I have a List<string> of ProductTypes such as Vegetables, Dairy, Meat which I receive from a query string in Asp.Net Core.

In the database, there is a Product table which contains a ProductType column that has each product's type in a text field)

I want to select from the Product database table all the Products that are in the ProductTypes list as received. I did this:

var Result =  (from p in _context.Product
             join t in ProductTypes on p.ProductType equals t  select p).ToList();

My effort above has an (incorrect) empty result except if only one ProductType is passed, in which case it works correctly.

How can I accomplish a correct Result set if multiple ProductTypes are passed?

  • 2
    Possible duplicate of What is the syntax for an inner join in LINQ to SQL?
    – MethodMan
    Dec 4, 2017 at 6:06
  • @MethodMan my syntax is the same as the answers in the question you say I have duplicated. The only difference here is that because t comes from a list, not database, I can't use t.ProductType, I have to use t itself.
    – trajekolus
    Dec 4, 2017 at 6:15

1 Answer 1


You can use Contains instead of a join:

var result =
    from p in _context.Product
    where ProductTypes.Contains(p.ProductType)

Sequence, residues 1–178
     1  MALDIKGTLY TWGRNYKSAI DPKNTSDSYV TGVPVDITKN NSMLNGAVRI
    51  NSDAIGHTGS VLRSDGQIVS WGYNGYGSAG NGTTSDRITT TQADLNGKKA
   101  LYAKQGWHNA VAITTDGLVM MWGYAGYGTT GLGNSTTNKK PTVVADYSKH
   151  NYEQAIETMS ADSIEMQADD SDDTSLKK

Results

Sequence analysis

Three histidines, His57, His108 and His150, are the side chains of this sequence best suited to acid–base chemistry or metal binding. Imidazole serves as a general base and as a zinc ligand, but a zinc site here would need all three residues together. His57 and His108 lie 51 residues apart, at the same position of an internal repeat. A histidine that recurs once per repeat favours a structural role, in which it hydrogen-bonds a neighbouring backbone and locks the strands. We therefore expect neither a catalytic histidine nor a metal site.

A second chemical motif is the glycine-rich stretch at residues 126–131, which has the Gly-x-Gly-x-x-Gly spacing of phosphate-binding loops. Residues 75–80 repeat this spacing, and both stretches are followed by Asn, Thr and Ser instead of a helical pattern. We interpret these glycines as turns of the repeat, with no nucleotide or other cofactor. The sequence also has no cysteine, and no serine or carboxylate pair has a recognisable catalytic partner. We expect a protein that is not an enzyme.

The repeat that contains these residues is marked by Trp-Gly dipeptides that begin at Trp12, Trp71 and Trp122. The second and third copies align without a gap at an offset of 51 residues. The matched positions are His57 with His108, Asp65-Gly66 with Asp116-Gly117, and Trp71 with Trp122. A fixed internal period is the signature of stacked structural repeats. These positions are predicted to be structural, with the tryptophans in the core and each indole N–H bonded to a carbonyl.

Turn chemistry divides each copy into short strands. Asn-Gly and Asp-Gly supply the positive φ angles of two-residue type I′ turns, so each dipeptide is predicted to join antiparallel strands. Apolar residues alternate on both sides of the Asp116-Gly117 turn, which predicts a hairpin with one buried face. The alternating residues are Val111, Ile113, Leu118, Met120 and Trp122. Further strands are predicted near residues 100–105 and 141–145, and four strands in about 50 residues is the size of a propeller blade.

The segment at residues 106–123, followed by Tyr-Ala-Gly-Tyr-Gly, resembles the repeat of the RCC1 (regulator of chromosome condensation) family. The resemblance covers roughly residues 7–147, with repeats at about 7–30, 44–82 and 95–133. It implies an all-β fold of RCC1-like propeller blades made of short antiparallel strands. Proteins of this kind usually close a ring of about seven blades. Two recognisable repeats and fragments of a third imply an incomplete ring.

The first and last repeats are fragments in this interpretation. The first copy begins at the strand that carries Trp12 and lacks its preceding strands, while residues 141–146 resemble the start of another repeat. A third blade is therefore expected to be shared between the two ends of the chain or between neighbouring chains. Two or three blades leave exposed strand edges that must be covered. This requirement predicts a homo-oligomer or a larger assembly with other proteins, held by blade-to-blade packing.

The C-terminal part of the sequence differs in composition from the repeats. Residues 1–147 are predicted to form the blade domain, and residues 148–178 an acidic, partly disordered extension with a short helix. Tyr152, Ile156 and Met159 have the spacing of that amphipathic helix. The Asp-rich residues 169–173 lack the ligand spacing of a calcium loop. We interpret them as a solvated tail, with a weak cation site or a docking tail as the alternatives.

select p;

You rarely need joins in LINQ and in your special case where you have an in memory list and a database table, Contains is the way to go.

  • Thanks, this is helpful, and feels less awkward. But it still only works if only one ProductType is passed.
    – trajekolus
    Dec 4, 2017 at 6:29
  • I have used contains like this countless times and it always worked. Are you sure the error is not somewhere else? You can get the SQL query from the LINQ query with ToString and try it directly on the DB.
    – Sefe
    Dec 4, 2017 at 6:33
  • 1
    @jdoer1997: If your ProductTypes is List<string> mentioned code should work. However if ProductTypes is csv then you have to use ProductTypes.Split(',')
    – Vandita
    Dec 4, 2017 at 7:28
  • Sefe You are right, and my input was in fact csv as @Vandita pointed out
    – trajekolus
    Dec 5, 2017 at 0:08
  • Just in case someone is wondering, this is a bad solution if you have a large list, especially when using guids, it makes the query super slow. It resolves into an in statement, and we know that "WHERE x IN ( [1000 guid here] )" is not good Jun 3 at 10:03

Your Answer

By clicking “Post Your Answer”, you agree to our terms of service, privacy policy and cookie policy

Not the answer you're looking for? Browse other questions tagged or ask your own question.